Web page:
Many a times there are scenarios when we just want to capture the time instance in terms of plain date (in terms of year, month, date), without dealing with time. In the existing API we usually default the time to midnight of a particular day. But this could be misleading in many of the cases. To avoid this the new API provides separate representations for Date only, Time Only, and Both.


System.out.println(LocalDate.now());    //Only Date
System.out.println(LocalTime.now());    //Only Time
System.out.println(LocalDateTime.now());    //Date and Time both

Output>>
2014-01-25
01:12:49.857
2014-01-25T01:12:49.857

The term Local in these names means local to the observer of the system.
The API comes with very convenient factory methods to create instances of these classes. Let's have a look at these factory methods.

LocalTime.from(LocalDateTime.now()); // Creating LocalTime 'from' LocalDateTime LocalDate.of(2014, Month.JANUARY, 26); //Creating LocalDate 'of' given values LocalDate.parse("2014-01-26"); //Creating LocalTime by 'parse' from given String



There are few easy to use update methods on these classes. These are convenient methods as they allow to update fields by some values or from some other fields. As the Date classes are immutable with the new API, none of these update methods actually update the object. Instead they create a newer one and return it. Original object remains unchanged.

//Today
LocalDate today = LocalDate.now();
        
//Same day last year
LocalDate sameDayLastYear = today.withYear(2012); 
System.out.println(sameDayLastYear);    // ->2012-01-25
        
//Book should be returned within 15 days
LocalDate bookDueDate = today.plusDays(15);
System.out.println(bookDueDate);    // ->2014-02-09   
        
//today at 10.30 AM. It returns LocalDateTime instance
LocalDateTime meetingTime = today.atTime(10, 30);
System.out.println(today.atTime(10, 30));    // ->2014-01-25T10:30


In addition to the above method there is also a concept of adjusters. WithAdjuster and PlusAdjuster wraps some block of code of processing logic. With adjuster helps you to adjust a particular field with the given value while the Plus adjuster helps to increment/decrement a field by passed amount of value.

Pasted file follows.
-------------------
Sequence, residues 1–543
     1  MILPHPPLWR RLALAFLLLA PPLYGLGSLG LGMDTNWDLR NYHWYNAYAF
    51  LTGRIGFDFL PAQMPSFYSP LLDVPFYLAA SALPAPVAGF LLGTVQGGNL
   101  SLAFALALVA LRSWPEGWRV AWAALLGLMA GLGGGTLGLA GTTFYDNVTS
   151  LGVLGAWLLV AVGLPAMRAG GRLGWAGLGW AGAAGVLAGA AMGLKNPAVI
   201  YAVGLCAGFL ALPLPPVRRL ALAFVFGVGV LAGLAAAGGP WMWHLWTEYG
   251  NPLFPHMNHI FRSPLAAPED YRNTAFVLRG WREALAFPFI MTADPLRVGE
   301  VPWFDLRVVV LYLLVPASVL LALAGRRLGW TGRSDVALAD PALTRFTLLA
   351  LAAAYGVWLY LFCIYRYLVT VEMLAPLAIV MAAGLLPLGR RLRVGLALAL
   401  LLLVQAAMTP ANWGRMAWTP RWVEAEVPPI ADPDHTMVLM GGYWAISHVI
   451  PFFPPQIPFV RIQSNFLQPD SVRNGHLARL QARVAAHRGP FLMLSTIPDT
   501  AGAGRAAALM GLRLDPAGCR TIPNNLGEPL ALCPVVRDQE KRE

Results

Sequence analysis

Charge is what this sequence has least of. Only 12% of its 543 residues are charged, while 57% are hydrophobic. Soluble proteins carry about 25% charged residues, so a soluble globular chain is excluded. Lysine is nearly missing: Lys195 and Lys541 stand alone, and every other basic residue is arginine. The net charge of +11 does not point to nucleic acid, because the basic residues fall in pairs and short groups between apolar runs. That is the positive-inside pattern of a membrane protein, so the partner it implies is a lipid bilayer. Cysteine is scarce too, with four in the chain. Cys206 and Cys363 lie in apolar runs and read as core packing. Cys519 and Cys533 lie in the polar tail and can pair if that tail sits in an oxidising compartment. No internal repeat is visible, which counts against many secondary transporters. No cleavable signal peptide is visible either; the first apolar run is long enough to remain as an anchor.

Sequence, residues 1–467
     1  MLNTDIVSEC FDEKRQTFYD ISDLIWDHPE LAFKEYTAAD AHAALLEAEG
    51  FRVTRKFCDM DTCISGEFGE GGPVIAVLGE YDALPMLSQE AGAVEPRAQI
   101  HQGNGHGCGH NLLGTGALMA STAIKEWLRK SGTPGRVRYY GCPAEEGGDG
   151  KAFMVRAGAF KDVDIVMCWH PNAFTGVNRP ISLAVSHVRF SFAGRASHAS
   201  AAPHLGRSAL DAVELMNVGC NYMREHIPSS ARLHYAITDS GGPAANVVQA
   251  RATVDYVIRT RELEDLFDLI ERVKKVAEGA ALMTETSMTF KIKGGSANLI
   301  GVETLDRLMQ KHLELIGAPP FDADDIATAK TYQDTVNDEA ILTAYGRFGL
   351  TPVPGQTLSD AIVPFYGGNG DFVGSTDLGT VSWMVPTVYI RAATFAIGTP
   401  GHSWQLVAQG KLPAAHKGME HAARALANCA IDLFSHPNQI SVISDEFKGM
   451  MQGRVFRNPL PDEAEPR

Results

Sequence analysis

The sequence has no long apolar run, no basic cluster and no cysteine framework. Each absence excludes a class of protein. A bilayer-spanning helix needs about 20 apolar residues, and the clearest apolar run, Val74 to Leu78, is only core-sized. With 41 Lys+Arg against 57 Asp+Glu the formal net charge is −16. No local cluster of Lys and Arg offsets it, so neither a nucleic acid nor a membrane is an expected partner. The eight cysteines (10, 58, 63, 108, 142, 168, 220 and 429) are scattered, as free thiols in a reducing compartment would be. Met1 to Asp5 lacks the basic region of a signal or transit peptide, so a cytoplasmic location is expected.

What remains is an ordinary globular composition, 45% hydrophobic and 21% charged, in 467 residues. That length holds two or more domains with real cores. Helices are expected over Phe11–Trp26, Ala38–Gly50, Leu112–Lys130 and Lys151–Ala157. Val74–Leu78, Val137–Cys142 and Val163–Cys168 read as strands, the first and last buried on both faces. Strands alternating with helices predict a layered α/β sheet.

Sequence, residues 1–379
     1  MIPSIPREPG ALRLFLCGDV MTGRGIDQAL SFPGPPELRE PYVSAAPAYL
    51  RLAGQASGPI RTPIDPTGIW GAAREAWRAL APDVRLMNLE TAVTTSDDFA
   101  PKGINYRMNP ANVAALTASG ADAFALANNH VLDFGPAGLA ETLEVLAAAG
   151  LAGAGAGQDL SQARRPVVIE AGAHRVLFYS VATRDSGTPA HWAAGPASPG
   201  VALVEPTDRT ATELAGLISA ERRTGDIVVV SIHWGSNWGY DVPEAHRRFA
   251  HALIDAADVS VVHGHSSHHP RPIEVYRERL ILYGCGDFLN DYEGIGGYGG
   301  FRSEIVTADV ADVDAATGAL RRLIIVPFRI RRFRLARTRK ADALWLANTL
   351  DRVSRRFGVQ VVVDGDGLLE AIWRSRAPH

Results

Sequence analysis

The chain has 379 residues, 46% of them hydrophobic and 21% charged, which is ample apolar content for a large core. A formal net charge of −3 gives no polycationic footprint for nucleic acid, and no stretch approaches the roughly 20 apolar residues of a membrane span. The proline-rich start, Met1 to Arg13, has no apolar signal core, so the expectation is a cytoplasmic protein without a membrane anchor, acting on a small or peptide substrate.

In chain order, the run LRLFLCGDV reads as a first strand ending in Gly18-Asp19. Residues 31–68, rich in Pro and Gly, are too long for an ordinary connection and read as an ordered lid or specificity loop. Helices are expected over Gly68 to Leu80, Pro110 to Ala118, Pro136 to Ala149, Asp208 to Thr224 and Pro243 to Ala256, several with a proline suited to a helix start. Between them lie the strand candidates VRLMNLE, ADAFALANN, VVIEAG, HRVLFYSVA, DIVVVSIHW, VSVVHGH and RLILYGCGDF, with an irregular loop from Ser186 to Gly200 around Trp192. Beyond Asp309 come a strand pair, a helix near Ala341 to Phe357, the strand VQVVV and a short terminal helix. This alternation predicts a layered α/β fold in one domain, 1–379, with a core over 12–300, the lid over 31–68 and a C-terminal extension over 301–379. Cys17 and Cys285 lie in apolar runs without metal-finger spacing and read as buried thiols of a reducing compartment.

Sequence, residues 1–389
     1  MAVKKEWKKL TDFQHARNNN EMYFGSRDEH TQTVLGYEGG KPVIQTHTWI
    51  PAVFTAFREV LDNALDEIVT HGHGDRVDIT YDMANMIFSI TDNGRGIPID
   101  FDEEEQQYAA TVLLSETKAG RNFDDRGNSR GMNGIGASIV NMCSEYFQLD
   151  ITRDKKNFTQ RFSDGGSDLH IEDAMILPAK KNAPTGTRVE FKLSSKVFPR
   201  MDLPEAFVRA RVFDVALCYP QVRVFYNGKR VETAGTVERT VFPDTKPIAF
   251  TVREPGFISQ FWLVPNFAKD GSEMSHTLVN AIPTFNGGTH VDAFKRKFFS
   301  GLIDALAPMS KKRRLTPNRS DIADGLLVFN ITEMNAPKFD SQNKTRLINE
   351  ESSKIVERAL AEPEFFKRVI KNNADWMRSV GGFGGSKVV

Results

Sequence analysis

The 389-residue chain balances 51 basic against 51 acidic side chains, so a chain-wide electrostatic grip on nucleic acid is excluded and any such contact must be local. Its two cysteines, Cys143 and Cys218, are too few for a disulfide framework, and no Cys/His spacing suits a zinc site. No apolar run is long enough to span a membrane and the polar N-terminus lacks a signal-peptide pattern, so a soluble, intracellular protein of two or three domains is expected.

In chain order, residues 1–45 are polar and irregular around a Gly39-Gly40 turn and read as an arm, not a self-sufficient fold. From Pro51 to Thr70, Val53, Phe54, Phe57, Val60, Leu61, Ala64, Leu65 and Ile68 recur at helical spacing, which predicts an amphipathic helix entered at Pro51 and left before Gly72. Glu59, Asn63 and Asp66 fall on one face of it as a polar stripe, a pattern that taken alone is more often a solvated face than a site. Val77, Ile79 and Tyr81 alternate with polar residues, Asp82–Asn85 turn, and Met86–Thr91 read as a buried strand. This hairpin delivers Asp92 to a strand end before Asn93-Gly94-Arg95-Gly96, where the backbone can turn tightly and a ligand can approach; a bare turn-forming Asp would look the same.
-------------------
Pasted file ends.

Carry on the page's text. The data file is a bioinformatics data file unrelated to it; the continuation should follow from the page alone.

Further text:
LocalDateTime rightNow = LocalDateTime.now();
//First Day of next month
rightNow.with(TemporalAdjusters.firstDayOfNextMonth());    // ->2014-02-01T09:20:01.833
//Next Friday
rightNow.with(TemporalAdjusters.next(DayOfWeek.FRIDAY));    // ->2014-01-31T09:20:01.833
//First Sunday of a month
rightNow.with(TemporalAdjusters.firstInMonth(DayOfWeek.SUNDAY));    // ->2014-01-05T09:20:01.833
//Adjusting with a value object
rightNow.with(LocalTime.now());    // ->2014-01-25T09:20:01.842 

There are many useful inbuilt adjusters provided by the API but we are free to write our adjusters as well. This helps largely in designing a domain specific system.


Time Zone Support:

The Local classes only support Date or Time belonging to the local environment. But the JSR 310 - Date and Time API also supports TIme Zones. The ZonedDateTime class holds Date and Time along with the zone information.

ZonedDateTime:

ZonedDateTime is an immutable representation of Date-Time with Time Zone contained within it. For example here is what I get when I create an instance of ZonedDateTime: 2014-01-25T10:11:17.498+05:30[Asia/Kolkata].